Revealed: Minister for Women Julie Anne Genter's bid for period poverty funding failed

tampon
One in four women can't afford sanitary items, a recent survey found. Photo credit: Getty

The Government has failed to address period poverty in New Zealand, despite the Minister for Women lobbying ministerial colleagues. 

Documents obtained by Newshub under the Official Information Act show Julie Anne Genter lobbied Education Minister Chris Hipkins and Minister for Children Tracey Martin to tackle the topic.

It appears there may have even been a Budget bid for funding of sanitary items, but there was no cash for period poverty in Budget 2019.

That's despite official advice to the minister saying: "New Zealand girls' health and education is at risk due to the inaccessibility of affordable sanitary items, and that some girls are missing out on education because of this."

It also said on average, women have 480 periods, use 12,000 tampons or pads and spill 14 litres of blood during their lifetimes. 

Genter wrote to both ministers in March 2018 regarding access to sanitary items. The minister strongly recommended to Martin the Government's Kickstart Breakfast programme include "ongoing funding for sanitary items for young women in low decile schools". 

"We have identified the Kickstart programme as the most efficient way to ensure families with young women who cannot afford sanitary items can access them," Genter said.

"The Ministry [for Women] is happy to work alongside your advisors who are developing a Budget bid or undertake any work on your behalf, such as contacting companies producing sanitary items. The funding would definitely support the Government's focus on child poverty."

Genter raised the issue with the Education Minister.

"If there was an opportunity for girls to access low cost or free sanitary items in schools, I would be happy to endorse this, as well as the importance of bins to dispose of these items in primary and intermediate school bathrooms."

She also suggested the Education Review Office's guidelines on sexuality education "provide an opportunity for girls to learn more about cost effective and environmentally friendly options for sanitary items".

Julie Anne Genter.
Julie Anne Genter. Photo credit: The AM Show

But when Newshub put questions to the minister about the possibility of a failed Budget bid, Genter wouldn't confirm if there was one.

"I don't think we're meant to talk about Budget bids generally until we have something that has been decided on, so whether there was or wasn't. What happened is that we have been doing work for a while now because we know its an important issue.

"I'm not going to talk about Budget bids at all, but I am going to say the Government is really, really committed to delivering an outcome that means women and girls are not missing out on school, not missing out on work because they can't afford period products,'' she said.

The minister previously revealed to Newshub work is underway to pitch a proposal for Budget 2020.

Genter says a task force made up of different ministries are working together to develop solutions. She says it's important women and girls feel comfortable they can access the right support.

"We've been looking at where there are already services providing stuff to schools, KidsCan for example is in 300 schools that are low decile. We also need to consider things about the different needs of women at different times in their life and also looking at how we can make environmentally and financially sustainable."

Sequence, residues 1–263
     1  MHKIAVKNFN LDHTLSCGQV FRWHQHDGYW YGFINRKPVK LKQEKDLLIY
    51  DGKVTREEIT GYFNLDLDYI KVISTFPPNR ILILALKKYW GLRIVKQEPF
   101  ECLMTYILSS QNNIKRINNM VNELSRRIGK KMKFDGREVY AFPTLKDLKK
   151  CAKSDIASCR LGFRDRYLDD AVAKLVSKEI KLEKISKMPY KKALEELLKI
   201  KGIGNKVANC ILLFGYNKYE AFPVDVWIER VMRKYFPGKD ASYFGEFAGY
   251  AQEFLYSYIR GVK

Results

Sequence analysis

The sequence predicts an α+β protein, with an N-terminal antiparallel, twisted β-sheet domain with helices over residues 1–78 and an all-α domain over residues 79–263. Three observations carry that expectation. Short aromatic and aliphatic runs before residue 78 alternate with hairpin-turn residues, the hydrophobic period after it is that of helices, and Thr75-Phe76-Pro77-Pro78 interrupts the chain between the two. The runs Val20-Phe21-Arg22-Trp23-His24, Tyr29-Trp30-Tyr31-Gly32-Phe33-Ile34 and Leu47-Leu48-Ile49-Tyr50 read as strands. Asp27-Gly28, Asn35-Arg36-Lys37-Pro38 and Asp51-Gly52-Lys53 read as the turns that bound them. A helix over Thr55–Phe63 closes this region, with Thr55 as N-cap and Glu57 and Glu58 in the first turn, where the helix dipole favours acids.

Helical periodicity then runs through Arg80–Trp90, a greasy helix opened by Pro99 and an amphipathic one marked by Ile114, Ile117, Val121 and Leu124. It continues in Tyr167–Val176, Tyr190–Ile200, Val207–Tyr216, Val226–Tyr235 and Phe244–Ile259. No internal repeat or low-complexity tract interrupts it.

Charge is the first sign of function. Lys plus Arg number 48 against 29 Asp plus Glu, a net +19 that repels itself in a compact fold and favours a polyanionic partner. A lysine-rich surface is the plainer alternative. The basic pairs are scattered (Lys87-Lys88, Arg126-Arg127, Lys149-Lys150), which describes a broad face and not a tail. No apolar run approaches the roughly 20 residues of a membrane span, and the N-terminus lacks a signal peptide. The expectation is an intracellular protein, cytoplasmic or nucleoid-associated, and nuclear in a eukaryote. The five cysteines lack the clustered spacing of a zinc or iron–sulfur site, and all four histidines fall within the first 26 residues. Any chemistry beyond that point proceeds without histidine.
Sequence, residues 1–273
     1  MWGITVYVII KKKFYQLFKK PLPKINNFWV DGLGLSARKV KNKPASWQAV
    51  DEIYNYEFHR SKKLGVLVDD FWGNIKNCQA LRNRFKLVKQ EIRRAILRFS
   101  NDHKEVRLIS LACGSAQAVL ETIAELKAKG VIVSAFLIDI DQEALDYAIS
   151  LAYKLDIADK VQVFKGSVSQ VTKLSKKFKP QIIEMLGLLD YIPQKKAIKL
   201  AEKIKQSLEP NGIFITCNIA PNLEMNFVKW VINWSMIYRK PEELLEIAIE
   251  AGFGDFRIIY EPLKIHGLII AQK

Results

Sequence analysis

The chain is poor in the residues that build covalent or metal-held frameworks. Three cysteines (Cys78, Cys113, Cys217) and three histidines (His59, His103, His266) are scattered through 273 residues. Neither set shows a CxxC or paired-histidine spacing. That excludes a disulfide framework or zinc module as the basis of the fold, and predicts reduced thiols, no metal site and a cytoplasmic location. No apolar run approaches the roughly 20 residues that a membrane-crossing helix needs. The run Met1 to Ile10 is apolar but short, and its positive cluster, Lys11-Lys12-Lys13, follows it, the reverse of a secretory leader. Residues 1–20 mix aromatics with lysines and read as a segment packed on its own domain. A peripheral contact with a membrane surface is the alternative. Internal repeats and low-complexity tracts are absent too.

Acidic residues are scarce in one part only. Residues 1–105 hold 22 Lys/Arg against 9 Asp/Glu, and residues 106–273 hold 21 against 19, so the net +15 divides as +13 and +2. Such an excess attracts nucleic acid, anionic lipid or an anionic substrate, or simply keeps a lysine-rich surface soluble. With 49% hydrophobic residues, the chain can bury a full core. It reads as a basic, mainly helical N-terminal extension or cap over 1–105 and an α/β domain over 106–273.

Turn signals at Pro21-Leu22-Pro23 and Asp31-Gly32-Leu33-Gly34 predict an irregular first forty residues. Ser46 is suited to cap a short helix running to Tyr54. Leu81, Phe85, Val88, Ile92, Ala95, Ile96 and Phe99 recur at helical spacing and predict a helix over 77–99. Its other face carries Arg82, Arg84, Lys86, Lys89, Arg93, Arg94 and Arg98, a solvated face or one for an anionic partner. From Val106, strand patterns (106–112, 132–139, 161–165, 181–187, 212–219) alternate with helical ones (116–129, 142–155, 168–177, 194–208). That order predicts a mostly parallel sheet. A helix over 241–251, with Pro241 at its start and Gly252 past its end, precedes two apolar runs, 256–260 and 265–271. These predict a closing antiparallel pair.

The Positive Periods campaign put forward a proposal to the Minister urging the Government to provide free sanitary products in schools and menstrual health education. A petition has also been launched. 

Campaign lead and co-founder of Dignity NZ Jacinta Gulasekharam told Newshub it's positive the minister has tried to push for funding, but says the Government has been silent on the issue.

"There needs to be national action and strategy. We can see from overseas there's been sensible policies like in the UK, Wales and Scotland to have free provision of products within schools. So that's what needs to happen here." 

Gulasekharam says change needs to happen now.

"I think there's more that can be done. There are some small bits here and there like with KidsCan but there's still over 25 initiatives, Givealittle pages, our Positive Periods petition. There's a need out there and the more the Government does little things the more period poverty continues to exist.

"At the end of the day this is a health and wellbeing issue so we need leadership from the likes of Chris Hipkins as well to agree that New Zealand is going to be a country where we don't accept period poverty and we will do something about it."

The youth wing of the National Party, the Young Nats and the New Zealand Union of Students' Association have come out in support of the Positive Periods campaign.

National's social development spokesperson Louise Upston believes the Government's let the problem get bigger.

"We haven't actually seen any change, I think what the real issue is is there's an increased pressure on the cost of living. Women that were struggling before with paying for sanitary pads will be doing it even harder now. I think that's the real crime."

Upston says the bigger issue is funding where it's needed.

"There are a lot of girls that it's not a problem at all, their families are able to provide that and I think that's right. It's more of a concern for the households that can't.

"We need targeted support. KidsCan I'm sure is not the only charity that would be able to do this. Ministry of Social Development can and do fund it, it's about targeting support where it's needed most," she said.

A 2018 KidsCan survey found a quarter of New Zealand women who responded missed school or work because they have been unable to afford sanitary items.

Newshub.

 

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